Tokugawa Ieyasu was said to have a near pathological fear of all Muramasa's blades and forbade all his retainers from owning them.
    Omnia risus et omnis pulvis et omnia nihil - HPL

    "Oh, you should never, never doubt what nobody is sure about." - Willy Wonka

    “niemand bleibt hier” - Maria Orsic

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    Senior Member Edgard's Avatar
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    Quote Originally Posted by Schopenhauer View Post
    Classic Japanese example of that would be the swords made by Muramasa. Muramasa's disposition was said to be very violent and it was this violent streak of character that was supposed to be imparted into his swords making them bloodthirsty.

    Tokugawa Ieyasu was said to have a near pathological fear of all Muramasa's blades and forbade all his retainers from owning them.
    Apparently in China and Indonesia the characters linking the weapon to its maker were internal. Its effectiveness is entirely dependent on the level of spiritual cultivation of the forge master. I think it would have been the same in Germanic lands as I know blacksmiths who made good swords were very high status. Runes were a spiritual practise after all.

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    Lost in Melancholia
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    The only mystical weapon on the world is the Ban Hammer!





    ...and the best thing about it is that only staff members can make use of it!

    (Sorry for the small jesting )

    Seriously, I don´t think that enchanting weapons works. I´m sure it can have a psychological effect on the user, similar to the effect placebo pills have to people who think they´re using an active agent, but I don´t think it can enhance the powers of weapons in an objective way. But psychological effects are never to be underestimated.

    "Judge of your natural character by what you do in your dreams" - Ralph Waldo Emerson

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    Senior Member Neophyte's Avatar
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    If a magical rune has any effect on a weapon, it probably acts trough the wielder. I do not think that a spell will make an edge harder or sharper, though there are some folk tales to the contrary.

    However, in folk tales trolls sometimes forge magic weapons or iron tools for human beings that have superpowers of magical origins.

    I remember a story of a farmhand who did a favour for a troll and ended up buying a magical scythe from him (in exchange for a loaf of bread). It came with the warning to never, ever look at the edge. The scythe worked like magic and cut everything and never needed resharpening. Then, while drunk, he decided to test it and cut off a stone fence post. Now surely, he thought, the edge would be destroyed and, drunk as he was, looked at it. After that day the scythe never took an edge again no matter how he tried to sharpen it.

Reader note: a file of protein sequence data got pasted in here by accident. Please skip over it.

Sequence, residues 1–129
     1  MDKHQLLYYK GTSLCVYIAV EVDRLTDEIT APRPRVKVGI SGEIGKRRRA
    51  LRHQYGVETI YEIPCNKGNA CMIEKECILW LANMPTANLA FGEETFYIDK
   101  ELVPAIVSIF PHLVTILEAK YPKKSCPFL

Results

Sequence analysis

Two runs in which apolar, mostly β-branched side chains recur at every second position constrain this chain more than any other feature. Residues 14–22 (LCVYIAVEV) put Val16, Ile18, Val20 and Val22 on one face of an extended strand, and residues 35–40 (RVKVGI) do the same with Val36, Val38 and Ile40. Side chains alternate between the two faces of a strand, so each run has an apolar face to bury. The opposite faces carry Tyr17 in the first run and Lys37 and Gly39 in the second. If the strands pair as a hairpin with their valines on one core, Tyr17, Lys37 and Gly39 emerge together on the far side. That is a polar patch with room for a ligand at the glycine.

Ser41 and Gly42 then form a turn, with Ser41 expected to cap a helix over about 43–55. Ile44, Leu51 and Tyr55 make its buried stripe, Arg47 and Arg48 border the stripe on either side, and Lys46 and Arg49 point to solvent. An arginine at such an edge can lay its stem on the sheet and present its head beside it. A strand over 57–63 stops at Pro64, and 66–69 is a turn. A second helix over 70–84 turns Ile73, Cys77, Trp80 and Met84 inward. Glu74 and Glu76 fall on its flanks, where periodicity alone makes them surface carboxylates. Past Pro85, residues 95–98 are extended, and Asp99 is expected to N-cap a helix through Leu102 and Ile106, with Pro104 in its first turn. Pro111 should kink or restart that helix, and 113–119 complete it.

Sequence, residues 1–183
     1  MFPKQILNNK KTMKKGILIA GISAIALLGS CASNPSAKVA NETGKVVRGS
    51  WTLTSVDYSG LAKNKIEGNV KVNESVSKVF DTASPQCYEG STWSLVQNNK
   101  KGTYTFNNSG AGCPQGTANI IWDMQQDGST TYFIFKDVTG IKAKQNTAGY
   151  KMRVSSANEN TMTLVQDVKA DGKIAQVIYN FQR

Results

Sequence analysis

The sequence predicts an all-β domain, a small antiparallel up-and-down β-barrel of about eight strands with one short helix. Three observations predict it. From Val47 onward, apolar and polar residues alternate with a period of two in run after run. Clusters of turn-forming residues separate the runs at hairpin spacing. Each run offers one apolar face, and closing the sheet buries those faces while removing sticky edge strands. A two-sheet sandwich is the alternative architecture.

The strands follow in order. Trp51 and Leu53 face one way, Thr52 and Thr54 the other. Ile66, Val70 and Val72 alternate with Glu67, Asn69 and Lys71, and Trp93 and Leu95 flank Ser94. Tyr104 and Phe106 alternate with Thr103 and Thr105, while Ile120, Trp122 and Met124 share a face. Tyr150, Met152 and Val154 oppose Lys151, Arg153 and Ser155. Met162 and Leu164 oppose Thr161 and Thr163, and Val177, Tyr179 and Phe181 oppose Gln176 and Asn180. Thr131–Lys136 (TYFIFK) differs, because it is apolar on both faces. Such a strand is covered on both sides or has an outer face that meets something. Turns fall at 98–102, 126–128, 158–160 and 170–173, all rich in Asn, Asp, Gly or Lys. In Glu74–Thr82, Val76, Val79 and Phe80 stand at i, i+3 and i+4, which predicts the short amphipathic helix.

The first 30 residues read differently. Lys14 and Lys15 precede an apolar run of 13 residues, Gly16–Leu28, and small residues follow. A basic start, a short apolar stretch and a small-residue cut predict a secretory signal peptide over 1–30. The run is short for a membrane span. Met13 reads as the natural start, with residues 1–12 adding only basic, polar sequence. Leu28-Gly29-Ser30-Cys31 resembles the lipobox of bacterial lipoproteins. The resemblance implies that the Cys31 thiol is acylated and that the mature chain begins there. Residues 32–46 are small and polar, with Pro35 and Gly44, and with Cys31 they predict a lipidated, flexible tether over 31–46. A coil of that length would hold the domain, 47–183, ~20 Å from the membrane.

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    Senior Member Schopenhauer's Avatar
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    Quote Originally Posted by Edgard View Post
    Apparently in China and Indonesia the characters linking the weapon to its maker were internal. Its effectiveness is entirely dependent on the level of spiritual cultivation of the forge master. I think it would have been the same in Germanic lands as I know blacksmiths who made good swords were very high status. Runes were a spiritual practise after all.
    This is why Japanese smiths traditionally fasted and prayed before making a sword. Any impurities in their hearts/minds would, no doubt, find its way into the sword, so ritual purification (misogi) had to be performed to prevent this.

    I would think the same thing must have gone through the minds of ancient Germanic smiths as well. Shame there doesn't seem to be any historical data extant describing what, if any, kinds of ritualistic steps they may have taken to ensure the forging of a good weapon. Maybe they hung some criminals?
    Omnia risus et omnis pulvis et omnia nihil - HPL

    "Oh, you should never, never doubt what nobody is sure about." - Willy Wonka

    “niemand bleibt hier” - Maria Orsic